At midday we break for lunch. Morning glory stir fried for lunch and octopus soup, delicious! Incredible flavours, especially lemongrass. Stephanie finds her happiest moments being with the local children!

Back at the worksite, Janice is surprised by an unwanted friend and the gallant father climbs the wall and seizes the “terrible toad” (aka the “frightening frog”). The pig is a critic and watches our work unerringly. He often snorts and passes approval or???

The group works hard on both structures and the walls go up….Stay tuned!!

Marcia Julian, DWC Team Leader

Day 3: Brick by brick, hand over hand, one at a time

A good start to the day with yoga and meditation in the tree house followed by a breakfast of omelet , banana pancakes and fresh fruit. Then off to the project site to first move 740 bricks from the street to the latrine area. With the help of mom and dad we moved the bricks quickly… Congo line style.

We had great progress today with John building the inside reservoir and the rest of the team completing the four outside walls and all this done by lunch! At lunch time the neighbouring children came show us their treasures and to practice their English.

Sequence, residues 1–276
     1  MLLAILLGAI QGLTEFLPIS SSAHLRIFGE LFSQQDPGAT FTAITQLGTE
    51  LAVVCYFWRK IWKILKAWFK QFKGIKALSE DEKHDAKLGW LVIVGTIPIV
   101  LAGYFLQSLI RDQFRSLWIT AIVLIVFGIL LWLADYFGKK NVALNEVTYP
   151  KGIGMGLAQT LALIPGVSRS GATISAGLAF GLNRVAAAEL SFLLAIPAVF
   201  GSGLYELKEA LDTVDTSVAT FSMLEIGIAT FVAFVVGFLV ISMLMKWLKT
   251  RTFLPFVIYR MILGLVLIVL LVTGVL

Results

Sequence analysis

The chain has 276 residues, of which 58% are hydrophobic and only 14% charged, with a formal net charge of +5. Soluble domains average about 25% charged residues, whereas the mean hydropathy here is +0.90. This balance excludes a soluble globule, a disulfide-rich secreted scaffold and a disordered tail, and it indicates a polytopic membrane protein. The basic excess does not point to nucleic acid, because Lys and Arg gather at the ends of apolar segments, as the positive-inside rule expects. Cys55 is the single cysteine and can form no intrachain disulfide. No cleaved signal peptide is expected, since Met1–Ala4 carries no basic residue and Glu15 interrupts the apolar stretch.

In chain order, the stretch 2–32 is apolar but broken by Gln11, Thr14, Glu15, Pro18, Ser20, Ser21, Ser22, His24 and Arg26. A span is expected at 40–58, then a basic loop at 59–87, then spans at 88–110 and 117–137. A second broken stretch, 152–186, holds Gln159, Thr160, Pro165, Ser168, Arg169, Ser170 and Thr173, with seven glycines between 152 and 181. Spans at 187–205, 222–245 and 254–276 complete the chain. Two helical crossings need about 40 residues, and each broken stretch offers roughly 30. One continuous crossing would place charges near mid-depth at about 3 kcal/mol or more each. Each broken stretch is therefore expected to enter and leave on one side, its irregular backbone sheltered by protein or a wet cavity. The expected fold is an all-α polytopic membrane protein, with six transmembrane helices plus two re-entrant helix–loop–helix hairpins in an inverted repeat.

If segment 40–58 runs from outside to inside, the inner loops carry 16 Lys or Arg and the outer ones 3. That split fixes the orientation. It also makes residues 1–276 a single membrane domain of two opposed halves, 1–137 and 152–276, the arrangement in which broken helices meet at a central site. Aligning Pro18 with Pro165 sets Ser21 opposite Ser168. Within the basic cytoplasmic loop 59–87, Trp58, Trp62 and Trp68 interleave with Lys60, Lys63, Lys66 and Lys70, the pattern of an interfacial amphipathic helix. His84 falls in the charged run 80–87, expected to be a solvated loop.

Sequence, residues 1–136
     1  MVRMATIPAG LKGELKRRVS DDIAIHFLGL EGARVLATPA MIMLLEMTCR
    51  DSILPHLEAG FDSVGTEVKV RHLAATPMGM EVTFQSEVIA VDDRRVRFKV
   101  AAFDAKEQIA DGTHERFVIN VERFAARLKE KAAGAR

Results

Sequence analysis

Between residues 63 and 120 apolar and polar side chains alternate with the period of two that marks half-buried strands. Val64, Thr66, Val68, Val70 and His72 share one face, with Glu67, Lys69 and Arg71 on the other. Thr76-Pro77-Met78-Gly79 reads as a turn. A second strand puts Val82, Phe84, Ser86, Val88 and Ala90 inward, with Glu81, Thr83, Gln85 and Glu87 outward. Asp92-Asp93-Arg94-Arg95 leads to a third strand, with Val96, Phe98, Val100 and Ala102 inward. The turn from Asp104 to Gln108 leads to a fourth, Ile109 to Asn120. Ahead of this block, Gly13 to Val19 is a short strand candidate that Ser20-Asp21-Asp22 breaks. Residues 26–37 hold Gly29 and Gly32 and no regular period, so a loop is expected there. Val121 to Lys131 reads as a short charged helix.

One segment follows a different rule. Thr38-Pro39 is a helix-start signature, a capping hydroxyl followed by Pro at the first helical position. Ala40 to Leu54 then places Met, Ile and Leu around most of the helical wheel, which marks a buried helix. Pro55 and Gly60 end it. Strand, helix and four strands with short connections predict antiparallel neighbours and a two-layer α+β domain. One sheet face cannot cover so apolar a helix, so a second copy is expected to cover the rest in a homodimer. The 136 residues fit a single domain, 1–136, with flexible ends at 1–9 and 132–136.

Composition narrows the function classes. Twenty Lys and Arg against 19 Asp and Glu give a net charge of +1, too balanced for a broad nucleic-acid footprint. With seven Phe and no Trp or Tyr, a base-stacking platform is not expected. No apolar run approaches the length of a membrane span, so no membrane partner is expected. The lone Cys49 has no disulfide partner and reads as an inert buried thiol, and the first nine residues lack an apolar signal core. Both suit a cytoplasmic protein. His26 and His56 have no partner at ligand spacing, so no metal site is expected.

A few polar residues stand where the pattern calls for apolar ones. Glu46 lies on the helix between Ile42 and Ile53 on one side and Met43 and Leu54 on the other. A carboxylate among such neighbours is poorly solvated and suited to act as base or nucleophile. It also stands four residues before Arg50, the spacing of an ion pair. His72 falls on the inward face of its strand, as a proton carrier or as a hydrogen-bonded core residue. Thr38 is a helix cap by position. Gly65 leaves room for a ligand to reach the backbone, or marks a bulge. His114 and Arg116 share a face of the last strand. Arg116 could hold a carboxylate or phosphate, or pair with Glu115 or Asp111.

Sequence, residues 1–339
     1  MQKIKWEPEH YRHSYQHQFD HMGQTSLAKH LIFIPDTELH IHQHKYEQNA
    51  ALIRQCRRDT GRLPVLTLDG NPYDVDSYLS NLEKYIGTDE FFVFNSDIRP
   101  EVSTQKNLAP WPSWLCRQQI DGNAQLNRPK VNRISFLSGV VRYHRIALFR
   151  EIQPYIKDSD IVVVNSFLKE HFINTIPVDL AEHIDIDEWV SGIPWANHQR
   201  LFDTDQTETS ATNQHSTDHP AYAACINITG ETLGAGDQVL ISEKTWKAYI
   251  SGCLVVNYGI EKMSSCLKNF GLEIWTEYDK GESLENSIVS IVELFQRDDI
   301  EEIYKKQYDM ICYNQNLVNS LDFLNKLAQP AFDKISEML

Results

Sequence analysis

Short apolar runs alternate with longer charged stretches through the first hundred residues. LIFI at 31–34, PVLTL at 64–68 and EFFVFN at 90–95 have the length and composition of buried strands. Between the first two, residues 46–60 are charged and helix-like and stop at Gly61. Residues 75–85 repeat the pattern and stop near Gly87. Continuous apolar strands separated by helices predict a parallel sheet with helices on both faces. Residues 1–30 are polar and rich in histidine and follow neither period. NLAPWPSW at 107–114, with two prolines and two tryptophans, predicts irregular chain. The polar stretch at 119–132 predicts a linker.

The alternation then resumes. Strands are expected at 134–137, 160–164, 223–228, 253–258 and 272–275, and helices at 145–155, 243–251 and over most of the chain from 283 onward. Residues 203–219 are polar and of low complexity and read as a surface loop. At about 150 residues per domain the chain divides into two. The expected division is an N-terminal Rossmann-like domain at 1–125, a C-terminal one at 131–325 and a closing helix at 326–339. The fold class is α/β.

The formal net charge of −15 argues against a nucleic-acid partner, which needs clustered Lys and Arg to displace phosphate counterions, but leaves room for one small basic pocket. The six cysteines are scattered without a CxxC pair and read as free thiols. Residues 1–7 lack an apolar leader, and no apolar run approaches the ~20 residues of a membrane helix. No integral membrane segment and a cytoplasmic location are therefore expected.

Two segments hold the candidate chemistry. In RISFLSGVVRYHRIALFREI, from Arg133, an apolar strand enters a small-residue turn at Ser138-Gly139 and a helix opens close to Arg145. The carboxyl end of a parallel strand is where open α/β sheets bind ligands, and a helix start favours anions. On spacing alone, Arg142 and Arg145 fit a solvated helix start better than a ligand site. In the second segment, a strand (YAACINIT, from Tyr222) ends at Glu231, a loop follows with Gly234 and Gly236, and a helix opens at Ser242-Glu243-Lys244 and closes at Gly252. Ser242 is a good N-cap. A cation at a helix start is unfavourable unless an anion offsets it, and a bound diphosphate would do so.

After lunch we piled back into the van and headed to the Chamcar Bei School where we were joined by the children we had met at lunch. We soon heard the children reciting the English alphabet and counting.
It was surprising to see how many children were In the small classrooms, with four children to one desk. Former DWC teams volunteered at the school to paint the shutters blue, paint a mural and construct a performing arts stage.

We ended our day with a hike to the Chamcar Bei Temple. From there you overlooked the valley, which brought on feelings of peace and serenity.

Marcia Julian, DWC Team Leader

Day 4: Reflecting on time and progress

Just another glorious day in a dreamlike setting as we rise for our 3rd workday on the project. It is a relaxing morning with yoga and meditation at 6:30am followed by breakfast at 7:30am. The hotel is coping well with our numbers… nine for breakfast prepared on two single burner Propane stoves. Quite a feat when you think about it. It is wonderful to have such youthful friendly faces meeting our every need.